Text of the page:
CMW’s Stuart Wood hurried to The Hague in February, host city of MPI’s 2019 European Meetings & Events Conference (EMEC). It was a conference that took a healthy dose of inspiration from the festival industry.
The tagline of EMEC 19 was ‘Changing the game’, and organisers – the MPI Netherlands Chapter – made a concerted effort to break down traditional conference formats over the course of the five-day event.
The spirit of festivalisation ran strongly through all activities on offer, from the opening networking dinner on 9 February to the closing ceremony on 12 February.
At the dinner, themed food trucks each provided a different stipulation. One required delegates to order food in rhyme, while another required delegates to be in the company of somebody from a certain country to order, encouraging the seek out of new connections.
On the Sunday, delegates were taken on one of many ‘learning journeys’ around The Hague. These had been pre-selected upon registration.
CMW attended a crisis management wargame, which put us in the shoes of an imaginary company which had been hacked by Anonymous. We played out a scripted storyline which forced us to adapt to an escalating crisis on the fly, exercising our diplomatic and persuasive skills to the fullest.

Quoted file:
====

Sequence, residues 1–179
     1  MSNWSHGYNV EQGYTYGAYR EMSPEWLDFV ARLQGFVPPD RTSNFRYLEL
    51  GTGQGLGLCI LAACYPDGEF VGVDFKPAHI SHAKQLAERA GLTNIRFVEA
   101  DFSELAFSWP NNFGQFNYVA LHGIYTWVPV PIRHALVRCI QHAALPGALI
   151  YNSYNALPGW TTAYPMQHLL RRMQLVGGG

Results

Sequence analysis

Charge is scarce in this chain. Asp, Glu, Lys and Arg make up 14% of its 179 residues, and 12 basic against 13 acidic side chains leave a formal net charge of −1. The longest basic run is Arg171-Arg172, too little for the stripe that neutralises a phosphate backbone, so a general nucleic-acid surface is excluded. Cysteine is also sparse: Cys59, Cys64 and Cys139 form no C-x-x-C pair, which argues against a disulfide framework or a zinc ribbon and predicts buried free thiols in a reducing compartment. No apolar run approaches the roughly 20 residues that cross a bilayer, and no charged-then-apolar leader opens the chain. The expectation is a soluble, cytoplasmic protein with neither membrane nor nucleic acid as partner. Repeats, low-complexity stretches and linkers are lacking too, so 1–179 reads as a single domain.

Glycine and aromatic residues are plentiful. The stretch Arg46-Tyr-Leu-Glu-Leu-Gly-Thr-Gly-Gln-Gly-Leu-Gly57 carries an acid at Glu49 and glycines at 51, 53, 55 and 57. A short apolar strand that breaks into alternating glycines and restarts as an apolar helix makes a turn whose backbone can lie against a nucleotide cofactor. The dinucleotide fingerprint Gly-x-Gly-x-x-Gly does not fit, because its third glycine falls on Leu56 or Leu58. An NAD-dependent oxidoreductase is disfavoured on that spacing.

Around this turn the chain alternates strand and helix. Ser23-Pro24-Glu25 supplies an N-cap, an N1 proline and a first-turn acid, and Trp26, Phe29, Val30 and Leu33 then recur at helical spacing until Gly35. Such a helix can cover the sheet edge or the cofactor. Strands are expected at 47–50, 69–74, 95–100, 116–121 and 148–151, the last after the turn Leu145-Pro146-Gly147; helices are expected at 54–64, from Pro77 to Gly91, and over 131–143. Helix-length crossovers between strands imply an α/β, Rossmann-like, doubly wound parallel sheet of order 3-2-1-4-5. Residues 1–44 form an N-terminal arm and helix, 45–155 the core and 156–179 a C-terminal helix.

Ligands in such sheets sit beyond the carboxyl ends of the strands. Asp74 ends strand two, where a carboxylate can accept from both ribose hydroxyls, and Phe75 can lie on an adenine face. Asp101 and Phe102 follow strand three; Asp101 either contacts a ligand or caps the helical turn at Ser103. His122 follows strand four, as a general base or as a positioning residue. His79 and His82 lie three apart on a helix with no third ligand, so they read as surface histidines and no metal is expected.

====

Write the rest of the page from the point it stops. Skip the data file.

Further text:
Sunday evening saw all delegates – which numbered around 500 – attending the opening keynote by Dutch artist and environmentalist Daan Roosegarde. We were then locked into a surprise ‘escape the room’ game, where we had to split into teams of three, each solving a small piece of a larger puzzle, before being released back to our hotels.
The event officially opened on the Monday morning, with a flash mob choir performance in the main auditorium of the World Forum. Performers in technicolour dress streamed in through each entrance of the hall as delegates gathered on the stage, before launching into song.
Following this, the talks themselves began.
Highlights of those CMW attended were Kim Myhre, MD at MCI Experience, discussing design thinking and how we can think events past being a ‘broadcast medium’.
Juup Laarman also delivered an interesting talk about how events can learn to better accommodate introverts.
On Monday evening, delegates were rounded up for a tropical beach-themed party in The Hague’s Hotel van Oranje. There were rapids, giant inflatable flamingos and plenty of cocktails.
Any hangovers were quickly erased the next morning, however, by a fascinating final keynote, delivered by ID&T’s Irfan Van Ewijk. Van Ewijk founded storied Dutch festival Mysteryland, and offered insights into how festivalisation can be utilised broadly in events.
It was a fitting close to an event with a heavy focus on festivalisation, and getting delegates outside the convention centre. EMEC 19 did a fantastic job of bringing its attendees together through a series of wider, social activities, without sacrificing education.
In that sense, it provided an exciting example of how conference organisers can ‘change the game’ by offering an experience that is more flexible and – dare I say it – more fun.